For Embedded( whole different animal ), I have used many of the ones you mention. I like rolling my own for simple things( state-based ) and Micrium(uCos) from Jean Labrosse has great documentation. We used(and debugged) Mentor’s Arm offerings at Hypercom. I have a BlueCatRt diploma from LynuxWorks.

    I just think a blanket statement saying Java is not popular( sorry, it’s one of the most widely used languages out there.) and should go away used is not good and reeks of some SW-political overtones.
    Java’s ability to escape the browsers control IMO is a failure of the browser’s sandboxing or JavaEngine implementation and yes Oracle needs to fix some things, but an exploit can be written in any language. Both Java and Javascript are being targeted( as opposed to some odd claims above ) and I challenge you guys to disable it in your browsers and surf. Many sites like Google, Gmail and others will not work in any but the most basic modes. It’s a good discussion but I ask you all to be open minded. Thx -Lee Studley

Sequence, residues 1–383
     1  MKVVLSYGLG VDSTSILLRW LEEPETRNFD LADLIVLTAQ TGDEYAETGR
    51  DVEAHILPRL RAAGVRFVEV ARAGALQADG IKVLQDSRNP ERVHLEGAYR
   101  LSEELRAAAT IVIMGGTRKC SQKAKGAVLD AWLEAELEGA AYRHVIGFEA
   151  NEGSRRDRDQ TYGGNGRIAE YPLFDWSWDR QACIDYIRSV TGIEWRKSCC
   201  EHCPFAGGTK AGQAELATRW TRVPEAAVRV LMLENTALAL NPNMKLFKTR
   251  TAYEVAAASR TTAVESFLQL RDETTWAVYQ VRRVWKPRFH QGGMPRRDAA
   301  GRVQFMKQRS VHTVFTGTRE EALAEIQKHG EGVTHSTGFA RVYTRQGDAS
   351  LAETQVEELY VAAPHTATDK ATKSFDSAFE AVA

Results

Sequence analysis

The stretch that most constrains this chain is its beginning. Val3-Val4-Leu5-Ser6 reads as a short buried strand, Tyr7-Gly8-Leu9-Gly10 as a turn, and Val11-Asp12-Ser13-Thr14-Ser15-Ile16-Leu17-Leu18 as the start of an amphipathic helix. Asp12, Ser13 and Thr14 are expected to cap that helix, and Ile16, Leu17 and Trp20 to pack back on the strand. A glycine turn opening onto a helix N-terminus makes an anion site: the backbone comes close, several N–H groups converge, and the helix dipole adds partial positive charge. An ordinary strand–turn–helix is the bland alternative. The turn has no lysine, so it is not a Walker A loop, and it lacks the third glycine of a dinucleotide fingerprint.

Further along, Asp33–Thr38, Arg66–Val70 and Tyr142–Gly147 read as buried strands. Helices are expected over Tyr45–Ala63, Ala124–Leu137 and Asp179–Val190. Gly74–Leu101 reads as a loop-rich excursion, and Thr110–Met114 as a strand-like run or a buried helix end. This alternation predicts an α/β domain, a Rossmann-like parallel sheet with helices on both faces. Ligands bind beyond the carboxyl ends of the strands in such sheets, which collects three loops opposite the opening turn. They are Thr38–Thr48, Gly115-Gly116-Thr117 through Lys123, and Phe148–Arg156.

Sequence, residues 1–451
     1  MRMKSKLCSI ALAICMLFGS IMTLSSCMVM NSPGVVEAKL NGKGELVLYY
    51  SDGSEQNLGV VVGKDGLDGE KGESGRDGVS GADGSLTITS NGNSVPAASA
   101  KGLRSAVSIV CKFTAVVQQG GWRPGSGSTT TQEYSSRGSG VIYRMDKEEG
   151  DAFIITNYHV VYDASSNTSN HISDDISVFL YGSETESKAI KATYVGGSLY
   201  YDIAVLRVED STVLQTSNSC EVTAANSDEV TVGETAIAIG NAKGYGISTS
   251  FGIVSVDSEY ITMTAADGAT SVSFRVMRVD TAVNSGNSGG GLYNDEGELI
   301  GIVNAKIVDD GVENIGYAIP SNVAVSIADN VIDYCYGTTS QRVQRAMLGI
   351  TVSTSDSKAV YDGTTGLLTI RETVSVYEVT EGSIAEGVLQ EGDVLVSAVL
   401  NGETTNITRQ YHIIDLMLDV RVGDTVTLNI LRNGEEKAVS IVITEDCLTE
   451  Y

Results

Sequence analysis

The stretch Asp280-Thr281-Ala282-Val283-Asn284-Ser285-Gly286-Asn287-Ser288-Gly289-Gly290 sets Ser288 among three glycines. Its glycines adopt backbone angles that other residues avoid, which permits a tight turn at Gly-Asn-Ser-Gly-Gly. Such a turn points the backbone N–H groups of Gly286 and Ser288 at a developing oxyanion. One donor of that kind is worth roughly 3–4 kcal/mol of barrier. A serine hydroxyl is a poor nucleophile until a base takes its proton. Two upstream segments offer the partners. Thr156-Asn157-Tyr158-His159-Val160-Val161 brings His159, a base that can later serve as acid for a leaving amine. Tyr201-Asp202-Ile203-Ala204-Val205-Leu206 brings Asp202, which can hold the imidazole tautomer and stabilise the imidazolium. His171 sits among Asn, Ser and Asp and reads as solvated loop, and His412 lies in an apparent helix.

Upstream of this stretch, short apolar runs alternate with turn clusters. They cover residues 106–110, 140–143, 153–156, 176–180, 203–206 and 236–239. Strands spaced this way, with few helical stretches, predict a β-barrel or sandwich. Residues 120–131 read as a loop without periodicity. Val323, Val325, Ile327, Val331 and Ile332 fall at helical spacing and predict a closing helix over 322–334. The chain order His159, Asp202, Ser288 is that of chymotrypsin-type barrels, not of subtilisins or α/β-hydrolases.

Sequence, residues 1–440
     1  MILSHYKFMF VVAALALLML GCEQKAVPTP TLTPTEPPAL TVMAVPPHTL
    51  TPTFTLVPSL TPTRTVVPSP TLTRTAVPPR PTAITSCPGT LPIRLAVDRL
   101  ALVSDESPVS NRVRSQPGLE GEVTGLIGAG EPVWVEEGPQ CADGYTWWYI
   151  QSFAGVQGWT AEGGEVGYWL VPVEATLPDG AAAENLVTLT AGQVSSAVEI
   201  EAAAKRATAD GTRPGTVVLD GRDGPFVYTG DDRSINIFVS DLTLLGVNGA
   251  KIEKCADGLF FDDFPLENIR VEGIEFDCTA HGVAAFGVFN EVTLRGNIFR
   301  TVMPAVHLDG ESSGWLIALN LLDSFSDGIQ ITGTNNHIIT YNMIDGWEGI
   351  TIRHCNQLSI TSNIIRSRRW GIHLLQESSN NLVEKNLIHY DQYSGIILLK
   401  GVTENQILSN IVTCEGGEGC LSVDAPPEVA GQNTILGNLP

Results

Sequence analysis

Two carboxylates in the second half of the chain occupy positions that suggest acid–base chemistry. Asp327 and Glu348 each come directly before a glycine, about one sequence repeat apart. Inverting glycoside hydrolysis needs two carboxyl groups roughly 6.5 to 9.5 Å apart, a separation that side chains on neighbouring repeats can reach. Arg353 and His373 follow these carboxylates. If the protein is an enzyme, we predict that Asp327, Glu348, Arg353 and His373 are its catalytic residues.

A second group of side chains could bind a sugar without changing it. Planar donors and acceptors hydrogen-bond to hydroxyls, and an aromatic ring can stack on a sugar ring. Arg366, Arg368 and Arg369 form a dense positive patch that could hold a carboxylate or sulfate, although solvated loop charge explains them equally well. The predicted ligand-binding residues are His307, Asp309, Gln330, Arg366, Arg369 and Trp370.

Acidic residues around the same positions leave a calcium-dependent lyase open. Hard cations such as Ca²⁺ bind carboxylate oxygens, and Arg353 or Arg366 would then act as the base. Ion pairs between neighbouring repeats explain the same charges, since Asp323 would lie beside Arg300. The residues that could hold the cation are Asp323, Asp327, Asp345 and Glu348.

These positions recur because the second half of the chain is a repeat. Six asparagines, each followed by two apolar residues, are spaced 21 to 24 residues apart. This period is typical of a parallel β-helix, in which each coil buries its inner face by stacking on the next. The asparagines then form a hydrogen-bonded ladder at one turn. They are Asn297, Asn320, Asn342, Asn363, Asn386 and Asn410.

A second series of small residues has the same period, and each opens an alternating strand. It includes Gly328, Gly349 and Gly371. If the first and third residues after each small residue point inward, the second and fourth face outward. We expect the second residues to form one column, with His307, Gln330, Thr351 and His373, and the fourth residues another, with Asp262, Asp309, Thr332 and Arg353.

7. an article “Java security settings can be ignored by malware” in infosecurity is pretty blunt.

    For me it’s pretty difficult to trust the engineers and company behind a product that is sold based on the foundation of being a secure sandbox, that is anything but secure. Freckin clueless.

    So are the developers that are still claiming sand box security exists.